H&R Block Deluxe 2014 (Tax Year 2013) review

H&R Block Deluxe delivers a clear, easy-to-navigate path through the 1040s and their most commonly-used forms and schedules, as well as good context-sensitive help. It only floundered in the final stages, when it tried to facilitate error correction.
Photo of H&R Block Deluxe 2014 (Tax Year 2013)

H&R Block is ubiquitous when it comes to assistance with tax preparation. The company claims to have retail offices within five miles of most people in the U.S., and to prepare one in every seven tax returns in the nation. There’s a multi-product line of do-it-yourself personal tax-preparation applications, both desktop and online, a hybrid solution combining DIY and professional preparation, and a remote-but-live option. Here we review the online version of H&R Block Deluxe for your 2013 taxes, and we’ve also reviewed H&R Block Free Edition this year.

H&R Block is one of the top three personal tax-preparation solution providers, in terms of quality, flexibility, and support. You can use the Deluxe online version to prepare both simple and complex returns using the application’s simple, understandable step-by-step “interview” format. You’ll have access to context-sensitive and searchable support created by a network of tax professionals. H&R Block provides free audit support that surpasses what its competitors do, and a comprehensive, multi-function support website that exists outside of the tax-prep solution’s walls.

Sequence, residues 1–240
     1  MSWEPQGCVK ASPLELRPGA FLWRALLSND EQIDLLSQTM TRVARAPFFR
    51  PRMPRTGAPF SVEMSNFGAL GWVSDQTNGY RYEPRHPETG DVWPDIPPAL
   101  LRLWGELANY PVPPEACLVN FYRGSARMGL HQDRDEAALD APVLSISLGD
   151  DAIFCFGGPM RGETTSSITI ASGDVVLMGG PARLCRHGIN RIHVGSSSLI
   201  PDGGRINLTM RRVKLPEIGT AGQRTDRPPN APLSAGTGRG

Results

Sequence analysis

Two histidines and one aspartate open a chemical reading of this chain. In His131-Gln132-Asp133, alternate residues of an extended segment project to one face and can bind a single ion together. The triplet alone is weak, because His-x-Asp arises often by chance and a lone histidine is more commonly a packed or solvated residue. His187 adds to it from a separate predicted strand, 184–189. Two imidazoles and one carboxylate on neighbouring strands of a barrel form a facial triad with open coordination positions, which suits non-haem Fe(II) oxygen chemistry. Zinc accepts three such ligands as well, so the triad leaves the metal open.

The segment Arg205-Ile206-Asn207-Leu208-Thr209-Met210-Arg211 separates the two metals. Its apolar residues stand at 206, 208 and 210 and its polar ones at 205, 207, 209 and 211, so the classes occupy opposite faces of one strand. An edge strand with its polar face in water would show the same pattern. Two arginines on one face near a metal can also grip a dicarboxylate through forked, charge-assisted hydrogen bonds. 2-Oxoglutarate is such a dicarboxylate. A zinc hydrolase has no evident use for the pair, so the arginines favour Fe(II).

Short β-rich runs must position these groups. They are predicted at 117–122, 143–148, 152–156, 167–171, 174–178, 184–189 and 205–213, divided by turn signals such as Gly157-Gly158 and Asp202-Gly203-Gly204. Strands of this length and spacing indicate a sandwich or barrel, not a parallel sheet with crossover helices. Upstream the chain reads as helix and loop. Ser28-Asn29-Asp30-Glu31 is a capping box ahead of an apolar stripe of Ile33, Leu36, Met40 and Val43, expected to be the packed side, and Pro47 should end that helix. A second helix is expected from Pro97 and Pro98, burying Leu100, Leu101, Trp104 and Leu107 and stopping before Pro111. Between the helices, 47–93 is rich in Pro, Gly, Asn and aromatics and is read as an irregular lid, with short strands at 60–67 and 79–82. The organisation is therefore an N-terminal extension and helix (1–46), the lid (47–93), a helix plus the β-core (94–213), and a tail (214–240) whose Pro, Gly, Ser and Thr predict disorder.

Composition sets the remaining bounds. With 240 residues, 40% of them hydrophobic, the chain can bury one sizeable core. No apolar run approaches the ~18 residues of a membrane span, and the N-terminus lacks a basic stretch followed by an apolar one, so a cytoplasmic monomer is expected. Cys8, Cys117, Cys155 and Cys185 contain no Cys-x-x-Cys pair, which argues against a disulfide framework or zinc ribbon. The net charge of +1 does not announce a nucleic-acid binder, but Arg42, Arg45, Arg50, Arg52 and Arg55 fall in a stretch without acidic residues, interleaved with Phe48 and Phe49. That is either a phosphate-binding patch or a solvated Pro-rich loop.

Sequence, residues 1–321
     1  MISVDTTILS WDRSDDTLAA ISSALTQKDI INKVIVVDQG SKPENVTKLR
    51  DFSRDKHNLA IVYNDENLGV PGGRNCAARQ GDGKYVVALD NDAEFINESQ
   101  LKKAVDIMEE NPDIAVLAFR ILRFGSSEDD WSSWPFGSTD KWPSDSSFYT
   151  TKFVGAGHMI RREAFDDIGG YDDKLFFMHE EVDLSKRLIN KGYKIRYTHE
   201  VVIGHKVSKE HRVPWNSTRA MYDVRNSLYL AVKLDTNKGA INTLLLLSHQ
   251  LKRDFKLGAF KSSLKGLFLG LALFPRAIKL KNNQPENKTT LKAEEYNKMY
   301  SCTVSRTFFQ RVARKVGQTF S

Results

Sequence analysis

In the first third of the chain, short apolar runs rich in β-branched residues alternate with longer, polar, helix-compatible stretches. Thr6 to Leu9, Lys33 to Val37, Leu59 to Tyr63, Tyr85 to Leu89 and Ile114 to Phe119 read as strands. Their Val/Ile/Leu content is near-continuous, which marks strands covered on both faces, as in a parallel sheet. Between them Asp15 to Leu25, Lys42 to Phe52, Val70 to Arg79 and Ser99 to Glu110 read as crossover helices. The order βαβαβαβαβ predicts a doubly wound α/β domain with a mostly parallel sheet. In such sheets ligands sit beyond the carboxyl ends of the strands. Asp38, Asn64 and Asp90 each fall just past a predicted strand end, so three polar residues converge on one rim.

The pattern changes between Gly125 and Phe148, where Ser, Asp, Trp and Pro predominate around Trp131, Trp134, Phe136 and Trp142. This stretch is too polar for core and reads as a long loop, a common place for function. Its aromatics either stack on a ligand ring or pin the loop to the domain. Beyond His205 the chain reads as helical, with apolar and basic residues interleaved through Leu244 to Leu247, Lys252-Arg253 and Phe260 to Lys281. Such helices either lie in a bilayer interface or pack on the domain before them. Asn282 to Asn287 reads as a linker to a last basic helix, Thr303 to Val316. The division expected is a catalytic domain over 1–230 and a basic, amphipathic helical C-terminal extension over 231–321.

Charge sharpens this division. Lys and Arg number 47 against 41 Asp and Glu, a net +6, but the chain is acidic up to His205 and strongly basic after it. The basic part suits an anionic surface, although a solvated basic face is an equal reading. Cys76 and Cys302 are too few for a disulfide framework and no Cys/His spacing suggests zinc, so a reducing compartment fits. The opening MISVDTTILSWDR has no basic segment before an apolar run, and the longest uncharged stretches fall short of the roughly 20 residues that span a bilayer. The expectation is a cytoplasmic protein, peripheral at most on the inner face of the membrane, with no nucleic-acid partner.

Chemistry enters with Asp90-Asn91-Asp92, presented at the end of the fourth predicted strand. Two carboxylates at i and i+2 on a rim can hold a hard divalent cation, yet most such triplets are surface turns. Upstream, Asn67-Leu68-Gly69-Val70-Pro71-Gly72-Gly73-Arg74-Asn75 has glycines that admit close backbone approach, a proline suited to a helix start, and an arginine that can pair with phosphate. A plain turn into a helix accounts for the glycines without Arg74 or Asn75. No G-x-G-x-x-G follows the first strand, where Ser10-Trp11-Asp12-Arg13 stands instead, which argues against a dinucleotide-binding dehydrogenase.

H&R Block has been a strong competitor for many years in personal tax preparation, winning at least one Editors’ Choice. But the online solution has a nagging problem that continues to plague it, making it difficult to complete your return if you’ve made any errors or omissions. And at the Deluxe level, you only have access to consultations with tax experts via chat. TurboTax and TaxACT both allow phone access.

A Similar Process
The three Deluxe versions of online tax preparation software that I reviewed here – H&R Block, TaxACT and TurboTax—have more similarities than differences in terms of how they help you prepare and file your tax return. You can actually create an account on any of them and enter all of your financial data before paying—you’re only asked for payment when you file.

H&R Block Deluxe, like its competitors, uses a wizard, with many dozens of successive screens. You don’t enter data on the familiar-looking IRS forms and schedules. Rather, the application “interviews” you like a live tax preparer would. You’ll be presented with screens that sometimes just contain information, but often ask you questions. You can respond in a number of standard ways, i.e. entering data in fields, clicking buttons to indicate your choice, etc. Screen prompts are quite clear and understandable, so if you read what’s on the page, you should be able to progress through fairly easily.